If you’re just finishing a PhD in marine biology or are working as a marine biologist in the commercial sector, you might be considering a higher education lecturing career in this exciting and diverse field.
Marine biology continues to be one of the more popular biosciences disciplines among students at all levels. The higher education sector looks to hire lecturers with the right combination of research, fieldwork and professional experience to inspire future marine experts and innovators.
Here we give an overview of the marine biology lecturer role, the qualifications and experience you’ll need and where to look for these positions at jobs.ac.uk.
What does a Marine Biologist do?
Marine biologists study marine organisms and ecosystems. They play a key role in finding ways to conserve and protect the marine environment in the face of the overwhelming pollution and damage caused by humans.
This is mainly a research-based profession and jobs in the sector will generally involve data and sample analysis and lab and fieldwork activities. Marine biologists work in universities, public and government organisations, marine conservation charities/NGOs, and industries such as fisheries, energy, oil and gas exploration, and environmental mapping/surveying companies.
For more information about current and future marine biology research and activities visit the Marine Biological Association.
Lecturing jobs in Marine Biology
Lecturers deliver research-led, cross-disciplinary teaching to undergraduate and postgraduate students. They also conduct individual and collaborative research in areas like marine ecology or biological oceanography.
- Undertaking national and international research and fieldwork.
- Teaching at undergraduate and postgraduate levels in marine biology, zoology and biological sciences.
- Supervision of global residential field courses and programmes.
- Publication of research outcomes and application for further funding.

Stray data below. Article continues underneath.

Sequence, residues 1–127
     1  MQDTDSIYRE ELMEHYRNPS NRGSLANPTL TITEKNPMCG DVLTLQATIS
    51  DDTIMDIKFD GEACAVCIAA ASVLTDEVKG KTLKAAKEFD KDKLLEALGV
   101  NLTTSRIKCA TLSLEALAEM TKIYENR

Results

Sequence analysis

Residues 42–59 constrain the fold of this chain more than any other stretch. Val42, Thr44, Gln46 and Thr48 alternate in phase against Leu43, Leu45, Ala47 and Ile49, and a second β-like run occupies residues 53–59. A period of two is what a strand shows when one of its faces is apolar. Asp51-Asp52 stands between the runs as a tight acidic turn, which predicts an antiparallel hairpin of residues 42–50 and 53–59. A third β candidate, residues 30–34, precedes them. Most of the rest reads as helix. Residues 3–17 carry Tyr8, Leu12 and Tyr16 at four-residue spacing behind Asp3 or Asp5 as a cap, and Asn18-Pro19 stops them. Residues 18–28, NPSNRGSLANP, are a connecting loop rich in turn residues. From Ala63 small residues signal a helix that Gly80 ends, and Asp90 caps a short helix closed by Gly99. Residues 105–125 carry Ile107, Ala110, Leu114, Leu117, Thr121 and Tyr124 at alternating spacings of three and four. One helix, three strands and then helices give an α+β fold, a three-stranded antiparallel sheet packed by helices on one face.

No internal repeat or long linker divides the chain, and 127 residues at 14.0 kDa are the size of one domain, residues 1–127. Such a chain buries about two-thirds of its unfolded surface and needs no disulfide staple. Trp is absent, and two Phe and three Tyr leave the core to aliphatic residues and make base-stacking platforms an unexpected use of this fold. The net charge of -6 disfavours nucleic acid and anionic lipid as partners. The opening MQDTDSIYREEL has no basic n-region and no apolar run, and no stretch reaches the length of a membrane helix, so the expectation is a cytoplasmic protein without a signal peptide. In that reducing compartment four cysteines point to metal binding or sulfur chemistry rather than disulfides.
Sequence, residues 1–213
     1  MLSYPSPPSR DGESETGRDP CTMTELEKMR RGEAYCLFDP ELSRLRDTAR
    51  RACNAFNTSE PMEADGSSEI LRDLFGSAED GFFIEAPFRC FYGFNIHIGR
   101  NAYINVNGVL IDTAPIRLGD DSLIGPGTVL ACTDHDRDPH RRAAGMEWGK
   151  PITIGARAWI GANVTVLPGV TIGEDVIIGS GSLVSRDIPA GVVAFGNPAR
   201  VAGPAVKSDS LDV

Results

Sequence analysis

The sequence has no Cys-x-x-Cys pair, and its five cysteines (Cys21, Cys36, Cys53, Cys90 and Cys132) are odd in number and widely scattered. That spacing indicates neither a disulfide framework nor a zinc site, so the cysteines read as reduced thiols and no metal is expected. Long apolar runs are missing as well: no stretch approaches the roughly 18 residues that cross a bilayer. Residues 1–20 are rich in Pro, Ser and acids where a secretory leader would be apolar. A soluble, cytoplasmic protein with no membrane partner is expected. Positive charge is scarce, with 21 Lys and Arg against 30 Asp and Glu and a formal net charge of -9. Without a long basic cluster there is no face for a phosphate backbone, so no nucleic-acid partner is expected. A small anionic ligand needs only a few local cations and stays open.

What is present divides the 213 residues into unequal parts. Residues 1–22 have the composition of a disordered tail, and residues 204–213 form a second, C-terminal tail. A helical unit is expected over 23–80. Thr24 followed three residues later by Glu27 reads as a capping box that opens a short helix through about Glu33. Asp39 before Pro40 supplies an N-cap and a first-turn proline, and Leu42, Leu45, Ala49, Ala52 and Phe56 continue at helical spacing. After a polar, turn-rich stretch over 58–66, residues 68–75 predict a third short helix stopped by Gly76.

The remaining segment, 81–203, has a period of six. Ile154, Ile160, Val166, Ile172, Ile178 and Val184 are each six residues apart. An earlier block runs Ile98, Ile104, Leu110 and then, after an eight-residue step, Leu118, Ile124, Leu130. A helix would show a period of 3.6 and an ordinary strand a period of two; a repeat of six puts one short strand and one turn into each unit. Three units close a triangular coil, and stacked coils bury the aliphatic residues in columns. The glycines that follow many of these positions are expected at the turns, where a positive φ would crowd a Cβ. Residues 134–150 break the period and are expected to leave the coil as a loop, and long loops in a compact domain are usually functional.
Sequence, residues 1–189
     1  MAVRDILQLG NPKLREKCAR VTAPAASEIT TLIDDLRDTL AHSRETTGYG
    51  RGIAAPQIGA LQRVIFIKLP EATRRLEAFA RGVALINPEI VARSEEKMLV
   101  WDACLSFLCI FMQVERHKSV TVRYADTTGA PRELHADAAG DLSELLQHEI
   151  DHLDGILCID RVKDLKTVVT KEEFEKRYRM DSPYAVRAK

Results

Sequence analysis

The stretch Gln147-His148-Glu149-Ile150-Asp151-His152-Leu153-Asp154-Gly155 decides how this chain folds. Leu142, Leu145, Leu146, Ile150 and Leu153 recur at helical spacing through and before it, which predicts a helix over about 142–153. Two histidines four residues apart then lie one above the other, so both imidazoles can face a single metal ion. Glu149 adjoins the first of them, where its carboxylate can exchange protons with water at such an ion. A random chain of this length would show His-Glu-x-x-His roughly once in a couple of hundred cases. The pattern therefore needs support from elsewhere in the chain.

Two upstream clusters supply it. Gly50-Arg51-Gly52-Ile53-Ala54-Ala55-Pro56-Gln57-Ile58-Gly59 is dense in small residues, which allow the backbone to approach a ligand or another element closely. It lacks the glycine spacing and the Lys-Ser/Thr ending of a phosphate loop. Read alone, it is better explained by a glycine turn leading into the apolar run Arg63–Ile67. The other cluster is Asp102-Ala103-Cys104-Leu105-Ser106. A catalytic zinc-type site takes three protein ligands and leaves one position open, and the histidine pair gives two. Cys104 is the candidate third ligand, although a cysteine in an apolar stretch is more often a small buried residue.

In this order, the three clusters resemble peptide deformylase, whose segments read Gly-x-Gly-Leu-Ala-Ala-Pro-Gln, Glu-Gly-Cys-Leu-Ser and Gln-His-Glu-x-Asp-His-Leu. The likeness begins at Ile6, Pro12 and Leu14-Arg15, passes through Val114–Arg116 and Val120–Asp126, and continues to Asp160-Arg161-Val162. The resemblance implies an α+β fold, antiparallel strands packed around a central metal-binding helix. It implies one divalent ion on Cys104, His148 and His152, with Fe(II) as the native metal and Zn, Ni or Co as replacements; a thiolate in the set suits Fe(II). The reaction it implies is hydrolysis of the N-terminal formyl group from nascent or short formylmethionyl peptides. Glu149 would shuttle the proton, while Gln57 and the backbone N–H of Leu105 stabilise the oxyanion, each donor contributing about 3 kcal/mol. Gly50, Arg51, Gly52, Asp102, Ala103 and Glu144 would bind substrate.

- Collaboration in research with marine biology colleagues, industries and organisations.
- Curriculum development and innovation.
How to Become a Marine Biology Lecturer
This is a competitive area requiring lecturers to have a high level of qualifications, knowledge and experience. Higher education employers would expect candidates to meet the following criteria:
Having a PhD in marine biology, marine ecology, marine zoology or related subject would be essential for a lecturer in marine biology job.
Universities may be willing to accept equivalent professional qualifications and experience of working as a marine biologist in relevant organisations or industries. However, you would be required to demonstrate extensive and transferable knowledge of academic research methodologies and activities.
Knowledge and experience
Evidence of research activity and a developing publication record gained through postdoctoral projects and/or professional experience would be essential.
Most job adverts require lecturers to join established research programmes. Therefore, you would need to demonstrate the expertise you could bring to current programmes and how you would pursue further funding opportunities.
Postholders would also be expected to show experience and ability in delivering excellent teaching (at least at the undergraduate level) and the ability to help graduates into a career in the sector. Having a higher education teaching qualification would be an advantage.
What’s the pay?
A lecturer can expect a salary in the range of £43,414 to £51,841 p.a., depending on qualifications and experience.
What can it lead to?
Your next step on the academic career path would be to apply for a senior lecturer or associate professor. Promotion would depend on the quality of your teaching, research and collaboration with marine industries and organisations.
Where can I find Marine Biology Lecturer jobs?
Marine biology remains a popular degree programme and is taught at universities globally, particularly in locations with a high proportion of marine industries (such as fisheries). Therefore, you will find a wide range of teaching and research roles available – however, application rates for lecturing jobs in this popular subject are high.
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